Five Unique and Interesting Careers in Psychology

Updated August 17, 2022 · 2 Min Read

The job landscape for psychology professionals is promising in terms of employment and salary. Explore 5 interesting and unique careers you didn't know a degree in psychology can be used for. is an advertising-supported site. Featured or trusted partner programs and all school search, finder, or match results are for schools that compensate us. This compensation does not influence our school rankings, resource guides, or other editorially-independent information published on this site.

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Because it covers many subjects, a psychology degree prepares students for careers in a number of fields. The job landscape for psychology professionals is promising in terms of employment and salary. According to the BLS, from 2016-2026, mental health counselors can anticipate a 23% employment growth rate, with an entry-level average salary of $40,701. Our guide below discusses five jobs you can pursue in psychology.

Mental Health Counselor

Mental health counselors treat and diagnose mental health and addiction problems and illnesses. Work in this field generally requires a master's degree in counseling or psychology, along with state licensure (requirements vary by). Mental health counselors may counsel patients individually or in group settings. Among other locales, they are employed in private practices, prisons, hospitals, and assisted living centers.

Average Salary: $40,701

Sports Psychologist

Sports psychologists help athletes deal with mental health issues like performance anxiety. They may also work as trainers, helping athletes to maximize their performance by conducting research to create a psychological profile of strengths and weaknesses. Though all psychologists need a doctoral degree in psychology to obtain licensure, sports psychologists usually also need to attain a graduate degree in kinesiology to show their in-depth knowledge of body mechanics. They should also possess a strong interest in and understanding of sports.

Average Salary: $71,100

Consulting Psychologist

Consulting psychologists provide psychological consultation and intervention services to business and nonprofit organizations. A consulting psychologist assesses, counsels, and re-trains employees to benefit a company's mission and goals. They may also evaluate the materials put out by the management team of an organization, helping them design beneficial policy that ensures the organization runs healthily. Consulting psychologists need a Psy.D. and state licensure to practice; they may also take coursework in topics related to business and organizational psychology or hold a second degree in business. This career often appeals to learners with a background in quantitative research methods.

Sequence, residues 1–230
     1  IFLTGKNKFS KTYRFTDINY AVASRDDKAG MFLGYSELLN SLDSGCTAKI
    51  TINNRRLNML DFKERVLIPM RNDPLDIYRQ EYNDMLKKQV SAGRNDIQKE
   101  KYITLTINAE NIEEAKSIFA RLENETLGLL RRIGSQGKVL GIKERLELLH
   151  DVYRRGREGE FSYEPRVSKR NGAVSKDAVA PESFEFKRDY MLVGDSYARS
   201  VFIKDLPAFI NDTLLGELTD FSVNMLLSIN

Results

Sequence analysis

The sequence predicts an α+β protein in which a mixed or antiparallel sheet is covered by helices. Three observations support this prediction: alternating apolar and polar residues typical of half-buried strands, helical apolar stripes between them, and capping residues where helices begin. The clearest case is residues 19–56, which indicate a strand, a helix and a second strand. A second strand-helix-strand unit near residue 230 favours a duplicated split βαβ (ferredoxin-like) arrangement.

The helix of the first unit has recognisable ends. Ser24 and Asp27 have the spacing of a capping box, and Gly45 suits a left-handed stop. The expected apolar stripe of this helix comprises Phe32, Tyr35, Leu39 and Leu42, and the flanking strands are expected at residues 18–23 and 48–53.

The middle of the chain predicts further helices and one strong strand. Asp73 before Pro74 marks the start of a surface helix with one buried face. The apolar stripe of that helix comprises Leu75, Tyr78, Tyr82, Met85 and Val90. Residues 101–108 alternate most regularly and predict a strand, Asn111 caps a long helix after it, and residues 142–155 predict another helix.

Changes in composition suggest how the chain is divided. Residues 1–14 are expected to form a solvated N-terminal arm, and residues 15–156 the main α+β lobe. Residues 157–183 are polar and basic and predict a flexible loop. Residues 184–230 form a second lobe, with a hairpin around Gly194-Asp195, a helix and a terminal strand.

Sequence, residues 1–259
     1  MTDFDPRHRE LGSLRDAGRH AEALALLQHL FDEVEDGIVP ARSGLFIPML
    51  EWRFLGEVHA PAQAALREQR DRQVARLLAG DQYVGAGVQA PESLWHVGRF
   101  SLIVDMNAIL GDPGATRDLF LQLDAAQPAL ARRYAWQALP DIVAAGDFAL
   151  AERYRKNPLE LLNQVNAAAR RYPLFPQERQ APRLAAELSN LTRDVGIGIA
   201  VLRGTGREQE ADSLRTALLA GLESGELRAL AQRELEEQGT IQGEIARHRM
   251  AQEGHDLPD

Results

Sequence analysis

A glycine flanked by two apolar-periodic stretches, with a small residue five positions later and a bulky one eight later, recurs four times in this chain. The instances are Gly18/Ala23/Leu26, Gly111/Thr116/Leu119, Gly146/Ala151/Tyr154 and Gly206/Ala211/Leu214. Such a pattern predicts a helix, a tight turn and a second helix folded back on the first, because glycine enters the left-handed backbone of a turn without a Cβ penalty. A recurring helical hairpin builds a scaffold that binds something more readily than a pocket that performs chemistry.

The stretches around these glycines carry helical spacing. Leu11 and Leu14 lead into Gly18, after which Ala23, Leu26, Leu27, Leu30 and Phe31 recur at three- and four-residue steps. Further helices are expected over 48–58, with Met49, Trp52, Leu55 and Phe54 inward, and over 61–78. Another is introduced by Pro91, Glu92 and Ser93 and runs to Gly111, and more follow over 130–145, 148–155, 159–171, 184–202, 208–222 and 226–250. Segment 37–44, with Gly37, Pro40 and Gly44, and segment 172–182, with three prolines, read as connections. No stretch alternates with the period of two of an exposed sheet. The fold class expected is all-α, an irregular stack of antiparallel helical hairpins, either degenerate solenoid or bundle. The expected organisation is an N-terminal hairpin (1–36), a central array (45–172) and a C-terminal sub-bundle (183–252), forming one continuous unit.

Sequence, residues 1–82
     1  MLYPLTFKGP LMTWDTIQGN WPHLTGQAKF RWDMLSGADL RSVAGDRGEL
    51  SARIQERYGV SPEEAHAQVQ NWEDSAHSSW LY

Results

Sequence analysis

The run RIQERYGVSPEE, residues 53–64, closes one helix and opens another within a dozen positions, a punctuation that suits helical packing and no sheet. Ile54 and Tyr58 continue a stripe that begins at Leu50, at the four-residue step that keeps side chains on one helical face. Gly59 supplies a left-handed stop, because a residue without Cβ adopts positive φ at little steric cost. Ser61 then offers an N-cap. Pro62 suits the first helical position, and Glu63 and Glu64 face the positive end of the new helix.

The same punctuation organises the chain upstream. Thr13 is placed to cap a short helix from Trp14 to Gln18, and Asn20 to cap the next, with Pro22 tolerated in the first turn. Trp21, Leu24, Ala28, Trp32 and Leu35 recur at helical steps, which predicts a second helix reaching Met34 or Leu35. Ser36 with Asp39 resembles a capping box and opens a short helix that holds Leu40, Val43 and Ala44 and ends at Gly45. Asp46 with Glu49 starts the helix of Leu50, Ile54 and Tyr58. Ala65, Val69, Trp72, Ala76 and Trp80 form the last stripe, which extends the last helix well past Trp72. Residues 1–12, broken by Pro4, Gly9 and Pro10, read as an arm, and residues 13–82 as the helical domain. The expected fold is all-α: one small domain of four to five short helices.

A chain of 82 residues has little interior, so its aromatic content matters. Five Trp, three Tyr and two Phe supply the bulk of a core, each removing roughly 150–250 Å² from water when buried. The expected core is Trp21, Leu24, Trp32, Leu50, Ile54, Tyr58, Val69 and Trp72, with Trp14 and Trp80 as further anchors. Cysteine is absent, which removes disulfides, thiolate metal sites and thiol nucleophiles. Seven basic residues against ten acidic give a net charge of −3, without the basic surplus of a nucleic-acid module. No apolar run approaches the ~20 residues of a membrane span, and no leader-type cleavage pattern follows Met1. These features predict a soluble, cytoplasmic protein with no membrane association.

Average Salary: $75,115

Pain Psychologist

Pain psychologists help patients suffering from chronic pain deal with and recover from mental health issues that stem from their condition (e.g., insomnia, anxiety, depression). Through psychotherapy and counseling, these psychologists can teach patients coping strategies to minimize their need for medication and improve their quality of life. Pain psychologists earn a Psy.D. in order to secure licensure to practice, and then they usually complete a postdoctoral fellowship or residency related to pain psychology. They may work in private practice or as a member of a team of pain psychologists in a specialized outpatient clinic or hospital.

Average Salary: $75,828

Pediatric Psychologist

Through psychotherapy and counseling, pediatric psychologists help assess and treat children with mental, emotional, and developmental problems. Issues range from autism to violent behavior. Pediatric psychologists typically earn a Psy.D. or Ph.D. in psychology to secure licensure to practice, and they may complete special coursework in child development or a residency relating to pediatric psychology. They may work in outpatient and inpatient clinics, hospitals, and nonprofit organizations related to child welfare.

Average Salary: $81,753

Featured Online Programs

Figuring out where to apply? These top, accredited schools offer a variety of online degrees. Consider one of these accredited programs, and discover their value today.

The first step towards securing a psychology career that works for your needs is earning your bachelor's degree. Though psychology licensure requires a doctoral degree, several jobs exist for graduates who hold a bachelor's in psychology, and depending on where you live, you may fulfill your state's requirements for counselor certification with only a bachelor's in psychology.

A bachelor's in psychology does not require a thesis or residency and costs less money than a graduate degree. It also gives you the opportunity to pursue a concentration of your choice and tentatively explore your interests.

To earn licensure to practice psychology, you need to start working on your doctoral degree. A Ph.D. or Psy.D. satisfies the American Psychological Association (APA) standards for practice nationwide. Consider this degree if you want to excel in this field and benefit people's lives as a psychologist.

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